On the foregoing facts we simply cannot say that the district court's finding was clearly erroneous. The presentence report amply supports a finding that Carozza was a "defendant with an extensive record of serious, assaultive conduct who had received what might now be considered extremely lenient treatment in the past", and that, due to the age of many of his convictions, he had"the same criminal history category as a defendant who had a record of less serious conduct." U.S.S.G. § 4A1.3, comment. (backg'd). Further, we note that the district court properly could have relied upon Carozza's recent state murder conviction to support this departure, see U.S.S.G. § 4A1.3(a), though the transcript of the sentencing hearing does not disclose that it did.

As to the third element of the Hummer analysis, we are satisfied that the district court did not abuse its discretion in finding that the disparity between Carozza's criminal history category and his actual criminal background was of "sufficient importance in the case" to warrant departure. See Hummer, 916 F.2d at 192. Indeed, the Sentencing Commission's explicit recognition in § 4A1.3 of the importance of a defendant's actual criminal background as compared to the applicable criminal history category suggests that sentencing courts have broad discretion in this respect.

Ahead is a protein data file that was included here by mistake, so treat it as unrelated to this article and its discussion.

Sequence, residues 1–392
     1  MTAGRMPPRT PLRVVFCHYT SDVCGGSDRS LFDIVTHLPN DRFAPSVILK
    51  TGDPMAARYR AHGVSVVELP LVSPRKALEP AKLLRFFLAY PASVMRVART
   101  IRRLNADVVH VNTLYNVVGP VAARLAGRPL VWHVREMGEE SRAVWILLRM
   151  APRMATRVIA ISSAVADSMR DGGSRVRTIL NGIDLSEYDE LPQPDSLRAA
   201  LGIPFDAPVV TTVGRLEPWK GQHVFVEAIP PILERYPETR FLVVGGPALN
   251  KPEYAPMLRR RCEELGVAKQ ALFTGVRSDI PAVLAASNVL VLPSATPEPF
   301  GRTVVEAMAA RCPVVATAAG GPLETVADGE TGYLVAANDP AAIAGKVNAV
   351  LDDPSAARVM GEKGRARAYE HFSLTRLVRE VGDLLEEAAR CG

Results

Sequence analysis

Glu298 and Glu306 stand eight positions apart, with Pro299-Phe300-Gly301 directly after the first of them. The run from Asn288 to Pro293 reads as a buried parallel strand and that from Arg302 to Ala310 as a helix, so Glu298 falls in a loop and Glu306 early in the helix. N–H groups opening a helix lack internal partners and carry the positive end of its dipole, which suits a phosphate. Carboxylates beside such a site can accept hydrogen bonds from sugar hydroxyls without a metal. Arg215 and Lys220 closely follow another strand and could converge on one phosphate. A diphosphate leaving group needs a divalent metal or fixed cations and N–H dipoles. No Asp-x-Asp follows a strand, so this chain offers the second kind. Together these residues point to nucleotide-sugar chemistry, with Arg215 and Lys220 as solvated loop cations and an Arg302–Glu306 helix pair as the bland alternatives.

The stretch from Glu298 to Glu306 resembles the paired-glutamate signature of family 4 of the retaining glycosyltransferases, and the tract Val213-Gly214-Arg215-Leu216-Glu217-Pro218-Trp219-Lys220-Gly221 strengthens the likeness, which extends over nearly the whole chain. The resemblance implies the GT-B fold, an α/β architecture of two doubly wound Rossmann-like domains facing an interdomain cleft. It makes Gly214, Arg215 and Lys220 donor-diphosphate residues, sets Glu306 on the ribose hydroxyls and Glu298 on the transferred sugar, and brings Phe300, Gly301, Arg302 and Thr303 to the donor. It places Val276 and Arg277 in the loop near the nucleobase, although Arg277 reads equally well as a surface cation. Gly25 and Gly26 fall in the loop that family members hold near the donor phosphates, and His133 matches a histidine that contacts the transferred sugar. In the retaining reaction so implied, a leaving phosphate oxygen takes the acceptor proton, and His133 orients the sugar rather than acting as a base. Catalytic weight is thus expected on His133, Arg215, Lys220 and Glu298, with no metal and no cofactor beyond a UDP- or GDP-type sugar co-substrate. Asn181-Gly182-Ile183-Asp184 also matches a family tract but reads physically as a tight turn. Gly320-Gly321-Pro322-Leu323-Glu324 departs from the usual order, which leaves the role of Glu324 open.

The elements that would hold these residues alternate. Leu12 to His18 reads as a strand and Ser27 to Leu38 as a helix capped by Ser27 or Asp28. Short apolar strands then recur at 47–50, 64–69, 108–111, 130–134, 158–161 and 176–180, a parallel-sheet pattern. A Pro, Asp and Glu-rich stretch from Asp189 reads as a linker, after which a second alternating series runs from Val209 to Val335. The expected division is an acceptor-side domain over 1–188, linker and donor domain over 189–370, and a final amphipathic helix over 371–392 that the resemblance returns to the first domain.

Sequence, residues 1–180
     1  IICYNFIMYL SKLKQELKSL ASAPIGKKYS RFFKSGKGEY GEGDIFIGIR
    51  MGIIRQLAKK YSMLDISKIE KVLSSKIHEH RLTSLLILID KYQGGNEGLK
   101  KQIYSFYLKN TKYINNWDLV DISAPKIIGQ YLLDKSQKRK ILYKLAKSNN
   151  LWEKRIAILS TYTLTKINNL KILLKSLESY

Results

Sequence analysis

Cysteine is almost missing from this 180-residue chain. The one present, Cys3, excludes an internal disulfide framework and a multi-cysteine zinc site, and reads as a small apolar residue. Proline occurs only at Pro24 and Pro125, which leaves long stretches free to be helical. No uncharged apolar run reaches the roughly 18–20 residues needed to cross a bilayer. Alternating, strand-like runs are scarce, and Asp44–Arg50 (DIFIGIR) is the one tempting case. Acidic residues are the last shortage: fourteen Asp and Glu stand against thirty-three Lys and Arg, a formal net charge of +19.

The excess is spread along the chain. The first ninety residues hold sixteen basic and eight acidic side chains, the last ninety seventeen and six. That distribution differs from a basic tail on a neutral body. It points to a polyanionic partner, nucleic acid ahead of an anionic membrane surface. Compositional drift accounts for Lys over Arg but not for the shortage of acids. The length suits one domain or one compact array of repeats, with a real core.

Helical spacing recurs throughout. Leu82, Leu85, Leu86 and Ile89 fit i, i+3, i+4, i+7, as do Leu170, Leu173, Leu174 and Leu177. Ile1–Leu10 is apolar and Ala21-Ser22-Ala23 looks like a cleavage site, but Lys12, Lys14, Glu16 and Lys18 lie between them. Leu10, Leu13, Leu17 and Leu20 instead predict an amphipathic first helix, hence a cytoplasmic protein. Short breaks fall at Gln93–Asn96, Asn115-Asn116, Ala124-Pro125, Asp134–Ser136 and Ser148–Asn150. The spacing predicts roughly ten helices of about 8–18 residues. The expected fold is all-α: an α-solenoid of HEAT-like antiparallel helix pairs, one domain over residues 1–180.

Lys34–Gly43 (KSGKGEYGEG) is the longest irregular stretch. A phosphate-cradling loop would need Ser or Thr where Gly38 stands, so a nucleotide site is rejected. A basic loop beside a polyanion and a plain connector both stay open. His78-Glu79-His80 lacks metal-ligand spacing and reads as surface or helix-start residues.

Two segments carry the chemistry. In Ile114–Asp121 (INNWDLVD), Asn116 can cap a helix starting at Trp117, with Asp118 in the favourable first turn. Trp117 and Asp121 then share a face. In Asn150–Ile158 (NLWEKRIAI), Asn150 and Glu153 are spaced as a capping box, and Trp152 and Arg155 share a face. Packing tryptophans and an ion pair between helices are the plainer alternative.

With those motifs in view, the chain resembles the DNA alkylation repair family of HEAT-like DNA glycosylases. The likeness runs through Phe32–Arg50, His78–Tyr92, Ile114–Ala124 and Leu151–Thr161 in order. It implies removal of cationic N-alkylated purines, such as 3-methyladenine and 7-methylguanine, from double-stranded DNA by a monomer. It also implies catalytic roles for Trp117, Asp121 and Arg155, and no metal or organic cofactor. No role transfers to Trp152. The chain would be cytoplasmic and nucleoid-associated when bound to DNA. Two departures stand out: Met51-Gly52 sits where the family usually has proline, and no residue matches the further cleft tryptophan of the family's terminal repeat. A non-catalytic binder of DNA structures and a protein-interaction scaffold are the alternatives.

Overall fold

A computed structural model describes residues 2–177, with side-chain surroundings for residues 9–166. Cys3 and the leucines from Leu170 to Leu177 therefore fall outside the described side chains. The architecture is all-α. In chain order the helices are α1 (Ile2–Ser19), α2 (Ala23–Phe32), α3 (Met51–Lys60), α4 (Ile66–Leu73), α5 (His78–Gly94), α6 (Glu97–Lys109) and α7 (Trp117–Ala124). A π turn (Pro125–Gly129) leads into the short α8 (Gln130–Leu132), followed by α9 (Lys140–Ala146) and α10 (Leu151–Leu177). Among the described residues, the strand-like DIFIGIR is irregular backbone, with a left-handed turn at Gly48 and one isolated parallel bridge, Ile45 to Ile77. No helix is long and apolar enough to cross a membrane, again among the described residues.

Further, we hold that the extent of this departure was within the district court's discretion. The court could have sentenced Carozza without explanation to a sentence of 46 months, representing the high end of the range associated with the criminal history category of II. Thus, a departure to 54 months on account of criminal history would have amounted to an increase of only eight months, or a finding by the court that Carozza's criminal history was more accurately represented by a criminal history category of IV.4  We find this increment plainly within the sound discretion of the sentencing court.

Carozza next challenges the district court's decision to increase his sentence to 60 months because the court found that the witness, Hammons, being Carozza's live-in girlfriend, was particularly susceptible to Carozza's threats. We are of opinion that the court's arrival at a total sentence of 60 months is best viewed not as a distinct upward departure, rather as a decision to sentence Carozza toward the upper end of the applicable guideline range.